The Minister for Transport, Tourism & Sport, Shane Ross TD, and the Minister of State for Tourism and Sport, Brendan Griffin TD, today welcomed the latest official data on overseas travel from the Central Statistics Office (CSO), which showed an increase of 7.8% in overseas visits to Ireland for the first seven months of 2018, as compared to the same period in 2017.
Commenting on the figures, Minister Ross stated: “The data released from the CSO today is very welcome and clearly shows a steady rise in the performance of overseas visits, as compared to the same period last year. There have been over six million visits to Ireland in the first seven months of 2018, representing a 7.8% increase on 2017.
“At the recent Tourism Ireland Mid-Year Review of Overseas Tourism, I saw how the continued growth this year has come from all of our main market areas around the world, and North America and Europe in particular. Sustaining and growing performance from our main markets together with developing growth from emerging markets is vital, as we continue to build resilience into the sector through diversification. The challenges we face, including Brexit, rising oil prices and other international economic uncertainties, underline the importance of this approach.”
The latest CSO figures on overseas travel show:
- At 6.033 million visits, overall trips to Ireland were up 7.8% in the first seven months of 2018 compared to the same period in 2017.
- Visits from Mainland Europe grew by 10.6% for January to July 2018 (2.205 million visits).
- North America registered an increase of 13.5% for January – July 2018 (1.320 million visits).
- Visits from Great Britain increased by 2.5% for January – July 2018 (2.139 million visits).
- Visits from the rest of the world, mostly long-haul and developing markets, were up by 4.1% totalling 368,100 visits.
Minister of State for Tourism and Sport Brendan Griffin TD added: “The figures published today confirm that 2018 is on target to be another year of growth for Irish tourism. With 240,000 jobs now dependent on tourism, I am very conscious of ensuring that we sustain our success into the future.
“Fáilte Ireland’s recently published report outlining hotel developments in Dublin estimates that over 5,000 new hotel rooms will come on stream by the end of 2020, along with almost 1,700 serviced accommodation rooms. These are welcome figures in view of demand pressures in the capital and they illustrate just how well tourism in Dublin is doing if it can attract this level of investment.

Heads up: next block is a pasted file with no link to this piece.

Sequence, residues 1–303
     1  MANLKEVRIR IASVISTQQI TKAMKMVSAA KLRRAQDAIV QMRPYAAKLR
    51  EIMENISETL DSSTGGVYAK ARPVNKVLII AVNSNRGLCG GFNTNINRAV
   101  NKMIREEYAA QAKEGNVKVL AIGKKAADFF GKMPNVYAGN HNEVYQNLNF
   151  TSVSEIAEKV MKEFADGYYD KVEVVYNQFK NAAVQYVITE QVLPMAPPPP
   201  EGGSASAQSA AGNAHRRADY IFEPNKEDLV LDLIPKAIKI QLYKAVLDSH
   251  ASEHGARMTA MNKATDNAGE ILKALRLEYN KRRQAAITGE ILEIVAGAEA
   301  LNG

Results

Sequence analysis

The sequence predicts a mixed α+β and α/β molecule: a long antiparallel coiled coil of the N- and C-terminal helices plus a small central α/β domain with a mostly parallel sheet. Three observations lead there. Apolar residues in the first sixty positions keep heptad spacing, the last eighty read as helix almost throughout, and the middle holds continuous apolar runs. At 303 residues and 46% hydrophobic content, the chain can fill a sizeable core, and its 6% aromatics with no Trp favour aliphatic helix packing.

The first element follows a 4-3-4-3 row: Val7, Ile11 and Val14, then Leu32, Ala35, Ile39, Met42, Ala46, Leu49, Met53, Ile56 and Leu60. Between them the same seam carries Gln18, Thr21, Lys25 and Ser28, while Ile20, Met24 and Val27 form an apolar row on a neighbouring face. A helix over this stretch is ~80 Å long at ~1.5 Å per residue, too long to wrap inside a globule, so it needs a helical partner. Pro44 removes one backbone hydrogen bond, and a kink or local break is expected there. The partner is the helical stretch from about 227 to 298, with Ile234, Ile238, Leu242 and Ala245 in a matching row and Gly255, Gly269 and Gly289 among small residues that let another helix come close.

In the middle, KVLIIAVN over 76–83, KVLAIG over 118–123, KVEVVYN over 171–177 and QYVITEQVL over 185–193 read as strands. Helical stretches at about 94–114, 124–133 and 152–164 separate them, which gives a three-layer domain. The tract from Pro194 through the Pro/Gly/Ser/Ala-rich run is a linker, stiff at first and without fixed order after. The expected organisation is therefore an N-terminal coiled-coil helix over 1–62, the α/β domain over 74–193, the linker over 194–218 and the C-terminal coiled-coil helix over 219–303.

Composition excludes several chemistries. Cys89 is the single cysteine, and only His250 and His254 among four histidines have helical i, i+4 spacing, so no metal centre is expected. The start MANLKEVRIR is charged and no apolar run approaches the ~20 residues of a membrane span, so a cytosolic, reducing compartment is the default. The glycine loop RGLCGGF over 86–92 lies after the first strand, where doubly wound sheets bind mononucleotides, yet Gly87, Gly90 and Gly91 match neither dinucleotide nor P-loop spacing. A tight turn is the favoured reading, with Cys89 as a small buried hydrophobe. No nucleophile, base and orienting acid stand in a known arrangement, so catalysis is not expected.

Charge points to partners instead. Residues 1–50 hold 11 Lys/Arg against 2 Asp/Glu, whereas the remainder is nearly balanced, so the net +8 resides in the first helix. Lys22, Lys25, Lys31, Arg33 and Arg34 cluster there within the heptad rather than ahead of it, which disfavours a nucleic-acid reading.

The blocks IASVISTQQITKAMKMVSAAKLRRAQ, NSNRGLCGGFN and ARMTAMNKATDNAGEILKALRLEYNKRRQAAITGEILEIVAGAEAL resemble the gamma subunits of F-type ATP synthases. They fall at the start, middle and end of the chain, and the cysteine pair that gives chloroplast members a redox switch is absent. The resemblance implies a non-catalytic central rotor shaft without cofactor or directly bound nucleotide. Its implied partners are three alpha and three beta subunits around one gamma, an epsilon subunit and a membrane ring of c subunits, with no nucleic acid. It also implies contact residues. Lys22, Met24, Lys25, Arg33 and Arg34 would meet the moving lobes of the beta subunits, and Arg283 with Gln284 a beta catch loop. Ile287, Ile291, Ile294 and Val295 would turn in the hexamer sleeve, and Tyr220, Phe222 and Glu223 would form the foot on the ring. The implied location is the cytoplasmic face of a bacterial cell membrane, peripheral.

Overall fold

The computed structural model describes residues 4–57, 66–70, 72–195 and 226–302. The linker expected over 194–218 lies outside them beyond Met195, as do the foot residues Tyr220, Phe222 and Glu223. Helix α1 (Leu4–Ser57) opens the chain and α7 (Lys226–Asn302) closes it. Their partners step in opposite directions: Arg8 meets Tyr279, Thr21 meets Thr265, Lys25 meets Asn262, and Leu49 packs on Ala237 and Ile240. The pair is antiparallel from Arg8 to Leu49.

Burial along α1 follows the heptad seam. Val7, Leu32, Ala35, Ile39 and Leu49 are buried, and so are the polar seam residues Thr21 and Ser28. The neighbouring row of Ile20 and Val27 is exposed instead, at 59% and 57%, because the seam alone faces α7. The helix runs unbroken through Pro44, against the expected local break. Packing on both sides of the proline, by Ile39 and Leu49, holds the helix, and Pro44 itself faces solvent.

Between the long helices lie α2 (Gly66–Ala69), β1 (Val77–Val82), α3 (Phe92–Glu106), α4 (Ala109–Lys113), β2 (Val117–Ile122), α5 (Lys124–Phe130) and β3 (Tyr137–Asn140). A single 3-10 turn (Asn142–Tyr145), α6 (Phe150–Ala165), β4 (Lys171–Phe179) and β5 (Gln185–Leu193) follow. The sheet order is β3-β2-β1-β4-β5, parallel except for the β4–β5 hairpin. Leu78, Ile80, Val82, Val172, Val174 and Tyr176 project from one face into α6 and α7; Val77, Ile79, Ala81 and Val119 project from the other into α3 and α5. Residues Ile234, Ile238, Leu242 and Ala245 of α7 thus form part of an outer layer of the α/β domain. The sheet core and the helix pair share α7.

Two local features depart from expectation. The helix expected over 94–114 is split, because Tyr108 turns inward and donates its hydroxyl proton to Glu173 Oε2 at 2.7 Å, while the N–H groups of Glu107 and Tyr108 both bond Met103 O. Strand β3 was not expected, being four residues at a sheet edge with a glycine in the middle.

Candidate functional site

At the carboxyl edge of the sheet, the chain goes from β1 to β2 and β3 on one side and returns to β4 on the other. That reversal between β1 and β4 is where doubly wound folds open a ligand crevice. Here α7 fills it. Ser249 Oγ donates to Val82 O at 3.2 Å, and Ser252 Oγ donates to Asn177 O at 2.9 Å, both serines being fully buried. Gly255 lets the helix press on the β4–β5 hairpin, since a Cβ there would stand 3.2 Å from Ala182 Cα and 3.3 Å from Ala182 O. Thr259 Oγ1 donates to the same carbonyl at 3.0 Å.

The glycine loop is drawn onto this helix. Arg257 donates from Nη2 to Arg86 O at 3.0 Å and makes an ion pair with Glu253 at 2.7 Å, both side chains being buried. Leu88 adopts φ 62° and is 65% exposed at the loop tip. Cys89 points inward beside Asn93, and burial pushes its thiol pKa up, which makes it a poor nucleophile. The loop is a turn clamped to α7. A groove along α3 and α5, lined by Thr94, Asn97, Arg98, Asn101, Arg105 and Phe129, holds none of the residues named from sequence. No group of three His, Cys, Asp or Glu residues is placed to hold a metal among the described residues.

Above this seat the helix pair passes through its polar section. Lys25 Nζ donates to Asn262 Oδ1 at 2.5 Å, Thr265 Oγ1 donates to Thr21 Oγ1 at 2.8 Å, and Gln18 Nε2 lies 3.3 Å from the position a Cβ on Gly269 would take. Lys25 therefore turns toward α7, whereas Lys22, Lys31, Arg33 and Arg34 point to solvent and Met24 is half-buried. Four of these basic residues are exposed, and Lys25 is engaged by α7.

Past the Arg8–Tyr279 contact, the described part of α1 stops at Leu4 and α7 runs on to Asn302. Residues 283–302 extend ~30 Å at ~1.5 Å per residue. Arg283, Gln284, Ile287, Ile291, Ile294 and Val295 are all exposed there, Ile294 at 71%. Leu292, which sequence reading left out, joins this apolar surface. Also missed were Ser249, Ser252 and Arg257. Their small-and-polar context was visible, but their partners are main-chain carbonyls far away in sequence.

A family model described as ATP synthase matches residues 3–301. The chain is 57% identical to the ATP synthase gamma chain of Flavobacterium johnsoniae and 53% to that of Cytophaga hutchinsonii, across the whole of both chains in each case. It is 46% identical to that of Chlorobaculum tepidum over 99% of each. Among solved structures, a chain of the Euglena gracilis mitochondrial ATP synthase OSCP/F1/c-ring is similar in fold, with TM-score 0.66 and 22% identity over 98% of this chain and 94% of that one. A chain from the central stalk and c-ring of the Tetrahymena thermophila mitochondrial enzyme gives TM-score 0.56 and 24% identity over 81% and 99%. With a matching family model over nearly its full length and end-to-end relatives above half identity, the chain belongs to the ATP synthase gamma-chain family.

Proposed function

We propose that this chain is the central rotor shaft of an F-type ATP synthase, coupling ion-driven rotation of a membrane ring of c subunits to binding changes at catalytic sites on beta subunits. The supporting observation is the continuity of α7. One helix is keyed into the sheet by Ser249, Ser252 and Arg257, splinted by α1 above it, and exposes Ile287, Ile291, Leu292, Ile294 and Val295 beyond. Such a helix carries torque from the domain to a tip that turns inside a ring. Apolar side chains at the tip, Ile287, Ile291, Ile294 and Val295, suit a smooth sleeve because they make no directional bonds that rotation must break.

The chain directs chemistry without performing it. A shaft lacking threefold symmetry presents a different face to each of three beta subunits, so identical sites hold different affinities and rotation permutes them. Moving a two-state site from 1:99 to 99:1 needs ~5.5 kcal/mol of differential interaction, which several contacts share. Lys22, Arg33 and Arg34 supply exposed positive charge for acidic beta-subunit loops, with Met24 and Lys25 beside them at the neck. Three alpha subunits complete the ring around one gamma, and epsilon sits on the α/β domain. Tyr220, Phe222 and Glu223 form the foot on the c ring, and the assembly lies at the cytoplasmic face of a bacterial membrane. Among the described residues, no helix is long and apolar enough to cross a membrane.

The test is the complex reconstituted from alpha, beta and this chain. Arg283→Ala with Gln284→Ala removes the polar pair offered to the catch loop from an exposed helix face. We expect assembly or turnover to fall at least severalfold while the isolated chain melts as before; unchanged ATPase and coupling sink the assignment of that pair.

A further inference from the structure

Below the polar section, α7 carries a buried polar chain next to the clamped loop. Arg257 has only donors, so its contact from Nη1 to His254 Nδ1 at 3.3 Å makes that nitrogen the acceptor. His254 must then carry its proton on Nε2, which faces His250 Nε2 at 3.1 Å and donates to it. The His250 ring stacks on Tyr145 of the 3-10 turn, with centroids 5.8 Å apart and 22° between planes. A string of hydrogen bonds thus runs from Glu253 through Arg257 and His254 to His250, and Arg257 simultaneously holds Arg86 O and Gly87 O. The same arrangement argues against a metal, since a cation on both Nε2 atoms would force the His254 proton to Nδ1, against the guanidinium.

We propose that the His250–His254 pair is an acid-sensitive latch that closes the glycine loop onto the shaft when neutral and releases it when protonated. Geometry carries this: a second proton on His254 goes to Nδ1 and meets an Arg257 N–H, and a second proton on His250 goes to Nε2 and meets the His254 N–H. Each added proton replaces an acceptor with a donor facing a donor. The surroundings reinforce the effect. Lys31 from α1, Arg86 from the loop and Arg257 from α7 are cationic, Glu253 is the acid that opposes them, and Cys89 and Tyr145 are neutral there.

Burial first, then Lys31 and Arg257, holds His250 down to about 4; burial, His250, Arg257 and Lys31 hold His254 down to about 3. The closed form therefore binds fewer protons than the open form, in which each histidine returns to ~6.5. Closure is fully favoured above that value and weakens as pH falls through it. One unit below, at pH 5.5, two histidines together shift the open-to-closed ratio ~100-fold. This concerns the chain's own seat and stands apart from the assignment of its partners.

“However, the demand in Dublin also serves to highlight the importance in ensuring that we continue to ‘spread the load’ by extending the regional and seasonal spread of tourists. This is something at which the agencies have been successful in recent years, not least through the promotion of the experience brands outside of Dublin, the Wild Atlantic Way, Ireland’s Ancient East and, now, Ireland’s Hidden Heartlands.”
Niall Gibbons, CEO of Tourism Ireland, said: “Today’s figures from the CSO confirm that overseas visitor numbers increased by almost 8% during the January to July period; 436,000 additional overseas arrivals when compared with the first seven months of 2017. This was the best ever month of July for Irish tourism, with more than 1.16 million arrivals.
“Particularly welcome in today’s figures is the continued strong performance from North America, with an increase of 13.5%. A number of factors are working in our favour, including more airline seats than ever before, from more gateways across the US and Canada. We’ve also seen excellent results from Mainland Europe, up 10.6% on January-July last year, with particularly strong performances from Germany, plus 20%, and Italy, plus 15.5%. Tourism Ireland has prioritised North America and Mainland Europe, as markets which offer a strong return on investment, in terms of holiday visitors and expenditure. While we welcome the fact that arrivals from Britain are up 2.5%, it’s too early to say if this represents a turnaround in the long-term trend. The impact of Brexit on outbound travel from Britain, therefore, remains a concern.
“We are determined to ensure that tourism growth continues. Our aim is to grow overseas tourism revenue in 2018 to €6 billion, for the Island of Ireland.”
Welcoming today’s figures, Fáilte Ireland’s Chief Executive Paul Kelly said: “This continued excellent growth in visitor numbers shows how the combined actions of current Government policy – including a competitive VAT rate and zero airport tax – along with Fáilte Ireland’s regional brands like the Wild Atlantic Way and strong international marketing by Tourism Ireland, are all working exceptionally well in terms of supporting robust growth for tourism.
“In order to sustain this growth in the face of the significant risks that Brexit brings, we need to maintain this strategy and reinvest some of the extra €100 million that tourism will contribute to tax revenue this year alone – on top of the €1.7 billion it contributed last year. This funding will allow us to further develop our tourism offering and spread the benefits across all regions.
“Today’s figures also show continued success in the way that tourism businesses are diversifying into other key markets, which is very good news in terms of managing risk but it does mean we need both public and private sector investment in building our language and cultural capabilities in order to provide the big Céad Míle Fáilte to these diverse visitors.”